The determination of the existence of a case of force majeure in contractual relations between businesses or with consumers is still up for debate and it’s a matter to be determined at the sole discretion of the French courts.
The judge will determine whether the coronavirus pandemic constitutes a force majeure event on the basis of the facts of each case, and in particular with regard to the possibility of implementing appropriate measures to avoid adverse effects on the performance of the contract (for example, use of alternative sources of supply, production at other sites etc).
Of course, this is only if the parties don’t fight it out amongst themselves (across a table) first.
Future of force majeure
Companies may draft their force majeure clauses more broadly in the future to clearly include pandemics and public health emergencies, without the need to rely on a force majeure certification. In some countries, such as China, government authorities will sometimes issue companies with “force majeure certificates” in cases where there is an event which has a broad impact (for example, the COVID-19 outbreak of 2020). In a common law jurisdiction such as English contract law, such a certificate may be useful evidence of the fact that a force majeure event has taken place, but it is unlikely that the existence of the certificate will be sufficient to invoke the application of the force majeure clause. Unless, the clause expressly refers to the issue of such a certificate as being a trigger.
How can I help you?
Any party wishing to rely upon force majeure must review relevant contracts immediately and seek legal advice from a qualified professional. Often clauses have provisions requiring immediate notification and a failure to comply with these can render a subsequent force majeure argument redundant.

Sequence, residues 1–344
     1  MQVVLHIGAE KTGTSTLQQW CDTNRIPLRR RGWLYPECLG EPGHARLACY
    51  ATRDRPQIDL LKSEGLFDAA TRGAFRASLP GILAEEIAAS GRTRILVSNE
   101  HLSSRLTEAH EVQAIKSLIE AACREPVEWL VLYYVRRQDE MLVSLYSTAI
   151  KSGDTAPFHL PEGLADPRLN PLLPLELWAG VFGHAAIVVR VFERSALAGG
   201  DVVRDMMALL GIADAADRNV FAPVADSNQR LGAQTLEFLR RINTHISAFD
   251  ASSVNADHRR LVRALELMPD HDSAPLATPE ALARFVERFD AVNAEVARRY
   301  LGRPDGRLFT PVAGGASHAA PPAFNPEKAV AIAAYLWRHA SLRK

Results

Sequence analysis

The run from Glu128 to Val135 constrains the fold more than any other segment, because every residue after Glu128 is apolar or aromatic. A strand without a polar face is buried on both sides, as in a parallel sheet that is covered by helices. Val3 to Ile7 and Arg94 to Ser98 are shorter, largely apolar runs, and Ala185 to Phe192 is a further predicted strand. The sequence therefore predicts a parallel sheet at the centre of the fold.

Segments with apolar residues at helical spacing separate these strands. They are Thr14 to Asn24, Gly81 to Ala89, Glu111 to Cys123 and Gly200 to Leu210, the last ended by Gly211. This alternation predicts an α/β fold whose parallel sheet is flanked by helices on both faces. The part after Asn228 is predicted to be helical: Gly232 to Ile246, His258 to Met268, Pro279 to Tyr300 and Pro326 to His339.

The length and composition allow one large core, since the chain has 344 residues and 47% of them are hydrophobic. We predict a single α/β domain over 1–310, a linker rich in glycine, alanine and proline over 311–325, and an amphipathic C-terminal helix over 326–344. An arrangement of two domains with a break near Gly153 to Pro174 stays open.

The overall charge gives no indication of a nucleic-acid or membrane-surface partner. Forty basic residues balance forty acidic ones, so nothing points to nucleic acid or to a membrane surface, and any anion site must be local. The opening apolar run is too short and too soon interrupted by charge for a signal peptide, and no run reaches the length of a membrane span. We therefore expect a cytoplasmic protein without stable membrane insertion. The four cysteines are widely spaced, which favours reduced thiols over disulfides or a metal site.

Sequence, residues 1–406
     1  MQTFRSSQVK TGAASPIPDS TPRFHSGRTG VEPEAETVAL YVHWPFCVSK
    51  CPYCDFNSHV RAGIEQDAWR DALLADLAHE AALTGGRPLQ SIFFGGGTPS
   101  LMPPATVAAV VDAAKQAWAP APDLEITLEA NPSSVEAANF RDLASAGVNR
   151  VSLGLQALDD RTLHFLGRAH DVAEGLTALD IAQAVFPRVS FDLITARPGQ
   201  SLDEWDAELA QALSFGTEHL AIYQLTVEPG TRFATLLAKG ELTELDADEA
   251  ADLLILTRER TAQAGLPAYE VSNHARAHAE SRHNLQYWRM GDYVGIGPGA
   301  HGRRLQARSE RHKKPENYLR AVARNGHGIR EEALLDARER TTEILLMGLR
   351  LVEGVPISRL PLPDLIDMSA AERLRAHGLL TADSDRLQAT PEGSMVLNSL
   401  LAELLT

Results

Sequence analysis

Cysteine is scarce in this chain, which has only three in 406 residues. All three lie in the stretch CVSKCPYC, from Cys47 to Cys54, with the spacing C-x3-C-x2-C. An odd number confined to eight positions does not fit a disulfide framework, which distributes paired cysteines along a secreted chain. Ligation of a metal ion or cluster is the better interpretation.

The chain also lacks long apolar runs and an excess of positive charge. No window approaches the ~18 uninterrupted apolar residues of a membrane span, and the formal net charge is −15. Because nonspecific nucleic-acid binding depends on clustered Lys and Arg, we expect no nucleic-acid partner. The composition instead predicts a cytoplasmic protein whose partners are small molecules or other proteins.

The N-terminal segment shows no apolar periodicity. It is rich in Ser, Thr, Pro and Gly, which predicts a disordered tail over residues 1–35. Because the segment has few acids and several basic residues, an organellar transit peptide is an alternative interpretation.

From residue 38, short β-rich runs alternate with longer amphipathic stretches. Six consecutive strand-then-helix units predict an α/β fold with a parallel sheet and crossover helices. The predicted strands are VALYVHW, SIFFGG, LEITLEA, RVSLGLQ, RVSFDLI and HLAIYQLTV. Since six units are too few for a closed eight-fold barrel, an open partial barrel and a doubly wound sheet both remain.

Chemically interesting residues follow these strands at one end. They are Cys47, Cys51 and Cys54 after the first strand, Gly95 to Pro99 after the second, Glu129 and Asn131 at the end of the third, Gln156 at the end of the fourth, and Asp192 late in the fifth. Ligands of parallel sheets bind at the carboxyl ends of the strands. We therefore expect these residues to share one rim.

I think we have established that force majeure is going to create a lot of work for French and English contract lawyers and legal translators too. This is where I come in.
As a legal translator with a qualifying English and French law degree, I am qualified to translate French contracts and documents into English. If you need my help with legal translation from French into English in this field, please don’t hesitate to contact me at firstname.lastname@example.org.
I’ve already been able to help a number of clients in this field by translating their contracts for them at this very stressful time. Working on these projects on a regular basis since the COVID-19 outbreak guarantees that I understand the recent legal developments in this field. Rest assured that my current understanding of force majeure in English and French law allows me to make informed translation choices for you.
Alternatively, if you require any legal advice with regards to force majeure, please contact a qualified legal professional with respect to any particular issue or problem.
I would also love to hear your thoughts on what you are working on or blogging about and what content you would like to see in my blog. You can find me on all the usual types of social media or drop me an email at email@example.com. I don’t bite, I promise!
Take care of yourselves and drop me a line if you fancy a chat.
Disclaimer: This information is for informational purposes only and not for the purpose of providing legal advice.
 Tennants (Lancashire) Ltd v G.S. Wilson & Co. Ltd  AC 495
 (Com., 17 March 1998, no. 95-21.547 D, RJDA 7/98 no. 753). See also CA Paris, 17 March 2016, no. 15/04263)